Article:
Buddha’s own physician Jivaka was a highly educated, extraordinary figure. Jivaka is well-known in Japan and China but not in India, largely forgotten in his homeland. He was an orphan who lived during the reign of Bimbasara. He was the child of a prostitute and was abandoned near the royal palace. Bimbasara’s son Abhaya brought up the little boy in the palace. By the time he was about thirteen years old. Jivaka realized that he was not a prince and decided to leave the palace to make something of himself. He travelled to Taxila, which lends credence to the assumption that Banaras had probably declined as a centre of Ayurvedic learning. Recognizing Jivaka’s genius, a great master accepted him as his pupil without enquiring into his background.
On the completion of his studies, Jivaka returned to Pataliputra where he gained great name and fame. He did the first trephining of the skull to remove worms. He operated on King Bimbisara for a fistula which had resisted a cure. He eventually became the Buddha’s physician.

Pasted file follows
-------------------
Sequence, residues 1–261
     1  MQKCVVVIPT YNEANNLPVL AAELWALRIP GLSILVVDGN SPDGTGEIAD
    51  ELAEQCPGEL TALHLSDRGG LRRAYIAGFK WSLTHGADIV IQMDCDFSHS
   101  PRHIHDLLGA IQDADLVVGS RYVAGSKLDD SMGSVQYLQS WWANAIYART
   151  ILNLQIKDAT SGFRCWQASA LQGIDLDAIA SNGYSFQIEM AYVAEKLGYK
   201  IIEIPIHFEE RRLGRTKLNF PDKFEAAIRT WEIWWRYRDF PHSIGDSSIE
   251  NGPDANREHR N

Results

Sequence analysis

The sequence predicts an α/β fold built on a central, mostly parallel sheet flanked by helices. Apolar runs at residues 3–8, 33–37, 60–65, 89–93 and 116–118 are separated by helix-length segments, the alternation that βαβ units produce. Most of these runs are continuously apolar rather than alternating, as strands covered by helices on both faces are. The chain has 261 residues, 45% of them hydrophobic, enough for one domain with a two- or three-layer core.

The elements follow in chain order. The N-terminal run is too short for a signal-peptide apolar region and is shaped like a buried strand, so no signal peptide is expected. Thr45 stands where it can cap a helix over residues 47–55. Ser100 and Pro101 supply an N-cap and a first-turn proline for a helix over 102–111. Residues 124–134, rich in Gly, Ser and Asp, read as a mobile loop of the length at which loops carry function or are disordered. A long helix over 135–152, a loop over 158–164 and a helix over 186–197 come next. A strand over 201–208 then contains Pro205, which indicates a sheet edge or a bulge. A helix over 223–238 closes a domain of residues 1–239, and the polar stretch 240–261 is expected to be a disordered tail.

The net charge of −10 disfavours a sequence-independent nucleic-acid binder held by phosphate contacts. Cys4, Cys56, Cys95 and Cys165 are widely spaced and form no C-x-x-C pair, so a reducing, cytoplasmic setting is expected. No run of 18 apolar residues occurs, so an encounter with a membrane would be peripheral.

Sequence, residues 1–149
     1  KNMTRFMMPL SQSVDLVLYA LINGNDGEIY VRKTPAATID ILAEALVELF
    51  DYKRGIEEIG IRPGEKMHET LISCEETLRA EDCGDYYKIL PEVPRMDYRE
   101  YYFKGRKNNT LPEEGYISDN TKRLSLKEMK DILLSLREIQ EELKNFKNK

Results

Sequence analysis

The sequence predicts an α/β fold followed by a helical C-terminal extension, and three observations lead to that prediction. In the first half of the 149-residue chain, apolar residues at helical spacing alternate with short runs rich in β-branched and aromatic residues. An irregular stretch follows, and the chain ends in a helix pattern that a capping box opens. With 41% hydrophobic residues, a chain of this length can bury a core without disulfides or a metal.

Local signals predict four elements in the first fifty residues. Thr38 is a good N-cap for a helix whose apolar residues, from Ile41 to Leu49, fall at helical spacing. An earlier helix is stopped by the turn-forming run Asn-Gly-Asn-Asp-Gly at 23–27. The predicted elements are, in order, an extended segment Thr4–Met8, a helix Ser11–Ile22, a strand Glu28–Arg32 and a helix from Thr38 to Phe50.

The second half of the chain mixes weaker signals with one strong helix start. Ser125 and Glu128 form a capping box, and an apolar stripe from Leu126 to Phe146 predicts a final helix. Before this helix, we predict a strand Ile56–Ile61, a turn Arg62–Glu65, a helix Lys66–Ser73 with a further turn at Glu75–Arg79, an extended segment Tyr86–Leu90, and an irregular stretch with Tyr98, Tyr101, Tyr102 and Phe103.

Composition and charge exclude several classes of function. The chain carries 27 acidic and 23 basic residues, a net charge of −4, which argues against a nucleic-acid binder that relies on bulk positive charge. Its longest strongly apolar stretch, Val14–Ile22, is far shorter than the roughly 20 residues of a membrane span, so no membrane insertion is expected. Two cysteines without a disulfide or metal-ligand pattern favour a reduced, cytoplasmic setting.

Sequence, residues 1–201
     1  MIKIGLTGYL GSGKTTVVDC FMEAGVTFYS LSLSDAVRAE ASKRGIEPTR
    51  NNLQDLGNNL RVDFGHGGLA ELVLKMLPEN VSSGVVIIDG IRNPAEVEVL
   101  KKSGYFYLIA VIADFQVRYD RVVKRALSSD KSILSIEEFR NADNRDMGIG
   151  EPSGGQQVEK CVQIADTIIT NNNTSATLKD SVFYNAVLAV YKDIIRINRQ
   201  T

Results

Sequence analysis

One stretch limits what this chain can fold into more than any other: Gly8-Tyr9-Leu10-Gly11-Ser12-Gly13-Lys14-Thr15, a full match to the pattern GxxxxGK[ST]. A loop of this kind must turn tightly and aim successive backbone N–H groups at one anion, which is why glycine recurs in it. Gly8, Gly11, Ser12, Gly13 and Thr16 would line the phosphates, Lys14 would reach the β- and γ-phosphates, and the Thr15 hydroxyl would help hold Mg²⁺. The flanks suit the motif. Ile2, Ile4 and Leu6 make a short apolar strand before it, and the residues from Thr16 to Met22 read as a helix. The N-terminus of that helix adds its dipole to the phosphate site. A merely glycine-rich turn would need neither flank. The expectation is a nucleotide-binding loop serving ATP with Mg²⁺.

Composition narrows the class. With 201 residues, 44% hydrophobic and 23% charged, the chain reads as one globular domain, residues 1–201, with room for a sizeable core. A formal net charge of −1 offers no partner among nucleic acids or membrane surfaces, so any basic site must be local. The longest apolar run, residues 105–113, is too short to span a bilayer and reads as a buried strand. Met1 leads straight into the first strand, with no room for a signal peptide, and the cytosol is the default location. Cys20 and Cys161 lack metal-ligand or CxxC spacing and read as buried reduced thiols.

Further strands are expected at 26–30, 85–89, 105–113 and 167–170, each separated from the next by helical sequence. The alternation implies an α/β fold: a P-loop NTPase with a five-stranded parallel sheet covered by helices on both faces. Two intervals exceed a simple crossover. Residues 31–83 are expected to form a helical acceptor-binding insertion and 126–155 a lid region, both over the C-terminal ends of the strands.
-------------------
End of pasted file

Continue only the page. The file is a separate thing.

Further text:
As Jivaka came more into contact with the Buddha, he became an important supporter of the religion and eventually founded the Jivakarama monastery. He was a great philanthropist, charging exorbitant fees from rich merchants to donate it all to the Buddhist Samgha.
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In the texts, Jivaka is depicted performing complicated medical procedures, including those that could be interpreted as brain surgery. Pali texts often describe Jivaka giving treatments to the Buddha for several ailments, such as when the Buddha had a cold, and when he was hurt after an attempt on his life by the rebellious monk Devadatta.
The latter happened at a park called Maddakucchi, where Devadatta hurled a rock at the Buddha from a cliff. Although the rock was stopped by another rock midway, a splinter hit the Buddha’s foot and caused him to bleed, but Jivaka healed the Buddha. Jivaka tried to heal the Buddha using only objects that are regarded as reverential, such as parts of the lotus flower instead of herbs from trees.
Jivaka is honoured by Indians and Thai as a patron of traditional medicine, and he has a central role in all ceremonies involving Thai traditional medicine. Sometimes described as the “Medicine King”, Jivaka is honoured throughout Asian history by Buddhists, and to some extent by healers outside of Buddhism, as a model physician and Buddhist saint.